Father Leonard Peterson
One fine afternoon recently I found myself absent-mindedly thinking “Ak mah DINNY job.” Those are my homemade phonetics for the name of Iran’s beleaguered president. What a strange array of syllables. What a peculiar name for Western diction to pronounce. Yet we know it well. It challenges the difficulty of King Nebuchadnezzer.
That incident brought to mind how the 24/7 news cycle has not only made such strange names familiar, but also made their antics a possible source of stress. When we learn of another threatening speech or another nuclear test, stress happens. These and other domestic stories, even involving people with easier names, can affect us negatively. Maybe even damage our outlook on life. Ultimately, optimism takes a back seat, and we smile less.
The plain fact of the matter is that we ordinary folk can do little about Iranian elections or international terrorism. Nor can we eliminate child abuse, cop killings or abortion. But we can try to avoid stress.
In an online article addressed to doctors about communicating bad news to their patients, Drs. Anthony L. Back and J. Randall Curtis, associate professors at the University of Washington School of Medicine in Seattle, wrote the following to their fellow doctors: “A useful definition of bad news is that it ‘results in a cognitive, behavioral, or emotional deficit in the person receiving the news that persists for some time after the news is received.’ Thus, the determination of what news is bad constitutes a subjective judgment in the mind of the receiver, so that when physicians assume they are delivering bad news, they may influence patients’ responses.”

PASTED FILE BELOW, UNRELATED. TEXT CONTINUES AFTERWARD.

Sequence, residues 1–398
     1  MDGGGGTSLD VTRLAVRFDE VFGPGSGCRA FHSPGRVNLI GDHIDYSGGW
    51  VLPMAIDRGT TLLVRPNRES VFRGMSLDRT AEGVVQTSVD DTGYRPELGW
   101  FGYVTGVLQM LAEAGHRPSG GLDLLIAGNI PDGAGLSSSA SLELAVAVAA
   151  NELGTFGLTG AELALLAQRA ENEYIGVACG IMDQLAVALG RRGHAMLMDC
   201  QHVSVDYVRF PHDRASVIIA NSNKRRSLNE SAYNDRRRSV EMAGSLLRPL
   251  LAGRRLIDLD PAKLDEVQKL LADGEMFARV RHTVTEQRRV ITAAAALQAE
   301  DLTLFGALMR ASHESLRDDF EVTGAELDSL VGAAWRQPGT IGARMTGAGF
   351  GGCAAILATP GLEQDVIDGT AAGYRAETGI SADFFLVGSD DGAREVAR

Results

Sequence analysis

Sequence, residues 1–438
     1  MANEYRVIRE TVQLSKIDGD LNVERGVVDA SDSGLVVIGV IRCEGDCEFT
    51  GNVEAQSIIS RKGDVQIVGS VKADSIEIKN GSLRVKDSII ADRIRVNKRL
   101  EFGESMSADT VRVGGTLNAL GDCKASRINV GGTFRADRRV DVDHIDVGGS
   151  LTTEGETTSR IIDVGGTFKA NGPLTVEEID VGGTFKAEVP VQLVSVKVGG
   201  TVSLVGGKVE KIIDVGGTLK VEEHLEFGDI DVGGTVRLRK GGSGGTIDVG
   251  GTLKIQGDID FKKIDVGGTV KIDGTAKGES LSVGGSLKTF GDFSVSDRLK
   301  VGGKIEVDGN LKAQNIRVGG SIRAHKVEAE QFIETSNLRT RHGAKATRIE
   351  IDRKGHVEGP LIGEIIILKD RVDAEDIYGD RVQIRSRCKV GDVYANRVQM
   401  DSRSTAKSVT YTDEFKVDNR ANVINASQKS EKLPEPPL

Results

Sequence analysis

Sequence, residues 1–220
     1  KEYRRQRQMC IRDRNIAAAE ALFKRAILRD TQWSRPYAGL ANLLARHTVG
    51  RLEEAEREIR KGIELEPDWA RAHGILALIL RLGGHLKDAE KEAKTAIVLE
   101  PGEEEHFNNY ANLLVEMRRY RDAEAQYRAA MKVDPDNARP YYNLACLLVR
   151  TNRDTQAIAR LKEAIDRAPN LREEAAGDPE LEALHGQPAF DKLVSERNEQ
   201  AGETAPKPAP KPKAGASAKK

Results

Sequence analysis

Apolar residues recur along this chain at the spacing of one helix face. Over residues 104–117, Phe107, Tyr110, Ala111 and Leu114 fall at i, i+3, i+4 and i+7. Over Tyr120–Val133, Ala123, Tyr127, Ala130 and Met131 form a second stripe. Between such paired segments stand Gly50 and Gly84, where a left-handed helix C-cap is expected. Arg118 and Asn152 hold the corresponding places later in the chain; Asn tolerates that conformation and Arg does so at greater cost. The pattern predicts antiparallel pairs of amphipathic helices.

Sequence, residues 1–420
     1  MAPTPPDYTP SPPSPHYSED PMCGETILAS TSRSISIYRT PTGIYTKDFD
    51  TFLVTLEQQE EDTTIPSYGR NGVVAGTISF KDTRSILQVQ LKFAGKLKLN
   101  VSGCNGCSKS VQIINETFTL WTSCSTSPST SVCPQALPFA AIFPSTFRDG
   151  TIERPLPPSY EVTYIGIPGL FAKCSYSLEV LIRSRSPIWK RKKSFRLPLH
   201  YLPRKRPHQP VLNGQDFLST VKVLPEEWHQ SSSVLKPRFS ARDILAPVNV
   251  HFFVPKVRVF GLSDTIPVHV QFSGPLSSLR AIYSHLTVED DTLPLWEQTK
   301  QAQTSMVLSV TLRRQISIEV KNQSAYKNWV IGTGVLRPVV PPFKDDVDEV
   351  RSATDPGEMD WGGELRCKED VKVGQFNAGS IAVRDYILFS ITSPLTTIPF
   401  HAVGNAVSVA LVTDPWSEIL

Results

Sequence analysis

As receivers of instant news, we labor under the media presumption that it’s always bad. Granted, bad news raises ratings and sells papers. Good news doesn’t sell soup or Cialis. So up goes our personal “stress meter.”
How much news we need to know is a question. On some days, I am tempted to avoid the newspaper or turn off the radio and the TV. But why upset myself with news of a dictator’s rants? Or another horrible car accident? Or a drug bust in an unsuspecting, leafy suburb?
Yet to refuse the news is to lose. Away goes a reason to thank God for my country and a lot more. And if the opportunity arises to join others who marshal together to resist the progress of evil somewhere, I have to be informed of what the evil is. Knowing about abortion, teen suicide, Iranian disquiet, African genocide, political chicanery and a host of other news items sharpens my focus on what to pray about and how I might otherwise help.
Removing a lot of the stress in our lives might even be helped by not yielding to it. There are means that help, but they may not always be best. There isn’t a pill for every ill.
Prayer is one of the most effective coping mechanisms of all, but it isn’t tried. Perhaps because it isn’t always fast enough for an e-mail world. Or it seems impractical to our usual American way of thinking. This truth has to grow on you. A derivative wisdom comes with practice. Yet it is the formula of the saints, and they were quite practical people. In this Year of the Priest I know I must work on rejuvenating the place of prayer in my own life. Stress can come in buckets to the modern pastor.
A sense of balance guides us to that legendary middle path that wise people take who know that everything is in the hands of a much wiser and infinitely loving God. They are serious where it counts, and yet they can also laugh at life. If that sounds like the description of saints like Catherine of Siena or Thomas More, Katherine Drexel or John Neumann, so be it.
Those people are models for all our seasons as well as their own. In this context, they can be viewed as authentic “stress reducers.” I’m also glad it is easy to pronounce their names.
Father Peterson is pastor of St. Maria Goretti Parish in Hatfield.